Solace is not an evasion, nor a cure for our suffering, nor a made up state of mind. Solace is a direct seeing and participation; a celebration of the beautiful coming and going, appearance and disappearance of which we have always been a part. Solace is not meant to be an answer, but an invitation, through the door of pain and difficulty, to the depth of suffering and simultaneous beauty in the world that the strategic mind by itself cannot grasp nor make sense of. 

To look for solace is to learn to ask fiercer and more exquisitely pointed questions, questions that reshape our identities and our bodies and our relation to others. Standing in loss but not overwhelmed by it, we become useful and generous and compassionate and even more amusing companions for others. But solace also asks us very direct and forceful questions. Firstly, how will you bear the inevitable loss that will accompany you? And how will you endure it through the years? And above all, how will you shape a life equal to and as beautiful and as astonishing as a world that can birth you, bring you into the light and then just as you were beginning to understand it, take you away?

More from David Whyte can be found at

Our Needs as Loved-One and Caregiver

Abraham Maslow’s Hierarchy of Needs

I remember when my therapist reminded me that my husband was in survival. She was referring to the most basic of human needs as defined by Abraham Maslow in his Hierarchy of Needs

I had been complaining that my husband no longer seemed interested in the things that usually drew us together—like reading and discussing new books or exploring new concepts. Increasingly, I was feeling alone and disconnected from my husband. 

Abraham Maslow was an American psychologist who theorized that humans have five basic categories of needs: physiological, safety, love/belonging, esteem, and self-actualization. Though controversial, his elucidation of needs rings true in many ways and, as a caregiver, I found them helpful.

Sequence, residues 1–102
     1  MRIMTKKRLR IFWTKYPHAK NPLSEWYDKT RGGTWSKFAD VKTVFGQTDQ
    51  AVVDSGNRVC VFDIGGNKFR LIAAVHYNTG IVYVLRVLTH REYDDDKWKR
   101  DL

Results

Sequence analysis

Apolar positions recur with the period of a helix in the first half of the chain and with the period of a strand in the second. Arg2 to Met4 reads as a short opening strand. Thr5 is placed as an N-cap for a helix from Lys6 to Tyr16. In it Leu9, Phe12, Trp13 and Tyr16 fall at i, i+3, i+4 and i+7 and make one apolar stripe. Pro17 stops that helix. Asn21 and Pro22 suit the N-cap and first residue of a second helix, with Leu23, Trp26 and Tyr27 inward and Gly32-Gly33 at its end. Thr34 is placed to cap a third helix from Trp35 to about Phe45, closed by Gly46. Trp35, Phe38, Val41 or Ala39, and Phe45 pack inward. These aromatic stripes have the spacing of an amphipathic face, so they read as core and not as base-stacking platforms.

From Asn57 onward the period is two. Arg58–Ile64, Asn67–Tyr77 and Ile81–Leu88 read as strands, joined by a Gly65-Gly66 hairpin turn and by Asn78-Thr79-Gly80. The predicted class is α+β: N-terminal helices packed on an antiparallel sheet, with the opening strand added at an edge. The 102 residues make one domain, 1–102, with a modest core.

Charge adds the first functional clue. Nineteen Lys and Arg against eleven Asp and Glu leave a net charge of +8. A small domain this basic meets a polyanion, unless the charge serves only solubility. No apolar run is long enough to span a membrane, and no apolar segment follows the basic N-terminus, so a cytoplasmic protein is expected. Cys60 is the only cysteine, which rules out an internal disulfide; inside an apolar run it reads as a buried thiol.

When my therapist spoke of my husband being in survival, she was referring to the basic physiological needs, such as breathing, food, water, sleep, sex and the maintenance of consistent levels of these essentials. Suffering from MS, my husband was not at all confident that these needs were or would be met. He could no longer work and was becoming increasingly dependent on me. Even sex was problematic.

Where once he had felt safe and secure, his second basic need—safety—was no longer assured. His body was changing, and his health was deteriorating. Working was out of the question now, and our financial resources were being stretched. He didn’t feel safe at all.

Though he felt my love and we had a strong sense of belonging together, his social connections were becoming increasingly limited as friends fell away and his mobility issues limited where he could go and what he could do. He no longer belonged to his work community and his involvement in the larger community was diminishing.

His self-esteem was on a downward trajectory. He was losing confidence in himself now that he could no longer work. This led to a lowering of self-respect, and he wondered if others respected him as much as they once had now that he was becoming “different.” 

In terms of self-actualization, it was becoming more and more difficult for him to accept the facts of his drastically changing situation. He wondered who he was now and who he would become. Fortunately, he nourished his creative side through drawing and painting in his journals and taking photographs that he enjoyed editing on his computer. Here he could be imaginative and spontaneous. This gave him relief from his worries and a growing avenue for self-actualization. Creativity was a wonderful coping strategy that helped him relieve stress and live in the moment. It was both satisfying and empowering.

Meeting these needs, as outlined by Maslow, is linked to our sense of well-being. When they are not met, our sense of well-being diminishes. Add this to the physical pain and limitations of disability, and it was no wonder that my husband and I were sometimes out of sync. 

My challenge was to continue nourishing my own self-esteem and growth in self-actualization while recognizing that often my husband would be preoccupied with much more basic needs. With this knowledge, I became more compassionate when he was anxious and moody, and I appreciated and encouraged his creative pursuits. I also found that being a caregiver helped me to meet my own higher needs as identified by Maslow. While my psysiological and safety needs were well enough met—or else I would not have been able to do all that I did for my husband—caring for him brought us closer together in love and belonging. As I grew more as a caregiver, I grew in confidence and achievement, and this increased my self-esteem. For me, caregiving became a new way of self-actualization as I became creative in my role as a caregiver, learning to solve new problems and accepting the facts as they emerged while finding ever new ways to live fully in the moment.